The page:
Revisiting the plot again, using the same reference material, the plot is also about the nature of art, identity, and belonging. The book opens with the fake Batgirl going on a crime spree. Babs shows up and stops the crime, but not the fake Batgirl, who is said to have been up to these types of heists and behaviours for quite some time, chronicling these events on social media platforms. Babs is upset that she’s being defamed, which is compounded when she goes to a Dagger Type art show that features nothing but pictures of this so-called Batgirl, complete with a rendition of the heroine in a wheelchair, splashed with shadow and a bright red overlay. The presentation effects the characters present in different ways. It strikes Babs as demeaning and regressive. She makes a move to find Dagger Type, and soon discovers that the artist has been the fake Batgirl all along. The plot involves using art and social media to co-opt the Batgirl brand, and add it to the Dagger Type cache. When the reveal happens, everyone in the audience acts dismissive. Dagger waxes poetic about how they should relish in this moment, where they “begin to comprehend that the artist is really the subject. And the subject, his brand!” This elicits the greatest reaction from the crowd, who rejects this notion with lines like “why does everything cool turn out to be an ad?”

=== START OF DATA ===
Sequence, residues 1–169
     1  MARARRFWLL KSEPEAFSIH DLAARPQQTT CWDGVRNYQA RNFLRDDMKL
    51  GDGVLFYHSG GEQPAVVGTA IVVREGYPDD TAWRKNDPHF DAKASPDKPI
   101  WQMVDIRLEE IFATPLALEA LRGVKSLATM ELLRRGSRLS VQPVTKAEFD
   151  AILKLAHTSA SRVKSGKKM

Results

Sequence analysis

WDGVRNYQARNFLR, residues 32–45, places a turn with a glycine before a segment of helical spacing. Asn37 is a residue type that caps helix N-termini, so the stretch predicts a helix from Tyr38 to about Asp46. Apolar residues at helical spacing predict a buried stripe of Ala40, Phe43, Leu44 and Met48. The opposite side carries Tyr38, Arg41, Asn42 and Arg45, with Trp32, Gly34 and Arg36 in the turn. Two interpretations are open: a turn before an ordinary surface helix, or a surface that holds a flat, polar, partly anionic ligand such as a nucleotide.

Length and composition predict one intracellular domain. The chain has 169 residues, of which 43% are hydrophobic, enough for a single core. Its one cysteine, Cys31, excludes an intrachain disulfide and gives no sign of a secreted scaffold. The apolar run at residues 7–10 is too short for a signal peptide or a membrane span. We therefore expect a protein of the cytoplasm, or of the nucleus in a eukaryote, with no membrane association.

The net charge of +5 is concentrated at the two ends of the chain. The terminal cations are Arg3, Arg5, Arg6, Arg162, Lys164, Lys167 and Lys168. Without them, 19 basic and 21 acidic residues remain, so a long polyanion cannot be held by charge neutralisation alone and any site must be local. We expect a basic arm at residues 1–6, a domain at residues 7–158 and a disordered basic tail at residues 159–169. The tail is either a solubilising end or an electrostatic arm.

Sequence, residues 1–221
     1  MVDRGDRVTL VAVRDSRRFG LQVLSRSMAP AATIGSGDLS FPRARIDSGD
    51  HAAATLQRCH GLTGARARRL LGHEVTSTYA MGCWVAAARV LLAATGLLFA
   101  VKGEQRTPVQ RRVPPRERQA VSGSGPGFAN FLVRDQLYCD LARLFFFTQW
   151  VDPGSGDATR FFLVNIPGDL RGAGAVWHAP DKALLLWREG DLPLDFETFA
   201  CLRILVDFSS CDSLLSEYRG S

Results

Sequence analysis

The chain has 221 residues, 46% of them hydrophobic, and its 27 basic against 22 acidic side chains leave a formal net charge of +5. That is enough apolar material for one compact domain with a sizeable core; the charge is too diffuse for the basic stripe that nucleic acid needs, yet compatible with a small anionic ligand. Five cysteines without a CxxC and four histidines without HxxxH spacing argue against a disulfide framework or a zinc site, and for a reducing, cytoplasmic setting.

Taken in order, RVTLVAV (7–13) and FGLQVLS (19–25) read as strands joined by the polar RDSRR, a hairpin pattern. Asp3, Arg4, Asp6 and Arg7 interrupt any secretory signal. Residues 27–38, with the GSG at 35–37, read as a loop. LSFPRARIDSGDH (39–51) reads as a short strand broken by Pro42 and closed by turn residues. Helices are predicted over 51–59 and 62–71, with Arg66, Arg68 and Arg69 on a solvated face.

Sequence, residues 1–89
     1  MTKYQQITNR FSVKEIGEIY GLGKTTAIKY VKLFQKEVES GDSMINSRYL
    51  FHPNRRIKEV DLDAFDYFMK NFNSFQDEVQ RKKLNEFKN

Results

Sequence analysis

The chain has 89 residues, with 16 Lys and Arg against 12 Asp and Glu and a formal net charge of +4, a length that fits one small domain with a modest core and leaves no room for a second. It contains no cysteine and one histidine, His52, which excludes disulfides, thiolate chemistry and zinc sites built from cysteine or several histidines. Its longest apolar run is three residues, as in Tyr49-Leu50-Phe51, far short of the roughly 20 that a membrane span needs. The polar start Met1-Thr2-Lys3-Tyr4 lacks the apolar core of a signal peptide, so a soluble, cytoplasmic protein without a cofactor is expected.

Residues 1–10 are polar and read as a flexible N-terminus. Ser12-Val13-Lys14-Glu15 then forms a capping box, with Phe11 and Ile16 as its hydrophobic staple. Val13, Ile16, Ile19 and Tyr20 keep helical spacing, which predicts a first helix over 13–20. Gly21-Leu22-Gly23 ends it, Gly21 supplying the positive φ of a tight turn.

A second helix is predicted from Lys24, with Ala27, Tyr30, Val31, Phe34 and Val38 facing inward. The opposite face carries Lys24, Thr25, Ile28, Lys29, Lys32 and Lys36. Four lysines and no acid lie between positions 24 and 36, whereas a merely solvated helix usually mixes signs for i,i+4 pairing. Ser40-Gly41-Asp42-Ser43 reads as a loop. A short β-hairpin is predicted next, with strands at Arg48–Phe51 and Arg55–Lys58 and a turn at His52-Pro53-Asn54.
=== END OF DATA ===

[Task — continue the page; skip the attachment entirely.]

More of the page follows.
The intention – or at least my interpretation of the events as described – is a comment on art and commercialism, as seen through the lens of the modern superhero genre. It’s an ugly balance that comic companies (and retailers… hi!) have been trying to work with for years, taking art and using it for commercial gains. It’s an exploration of the kind of rejection that occurs when false notes are struck, and the commercial ends up bleeding into the art. It’s also about the pretension of craving attention, and the effect popularity can have on art and the artist. There’s a lot to dig into there, but at the core of it all, deep down in the nugget, I truly believe this book is about art, and the reactions to it. It’s typified by the scene where Babs and her friends are walking through the Batgirl gallery, and they all have different reactions to the presentation based off of experience. Babs’ very personal experience with the identity being explored in these photos elicits a very personal and valid response. I can only imagine that’s what many people felt as they read through this issue and experienced a similarly flawed take on identity. The issue essentially agrees with the idea of interpretation being in the eye of the beholder, and never once says that people who enjoyed the art installation in the pages of the book are wrong. It does cast judgement on intent. Dagger Type’s intent was self serving to a cartoonish degree, climaxing in rage when people didn’t understand his genius. I don’t think the creative team is doing that here. I think they wanted to turn in a story that commented on what they did, letting the art speak for itself. It may have said something things they didn’t intend, but they aren’t mad at anyone for it – as the issue implies, any reaction to art is valid.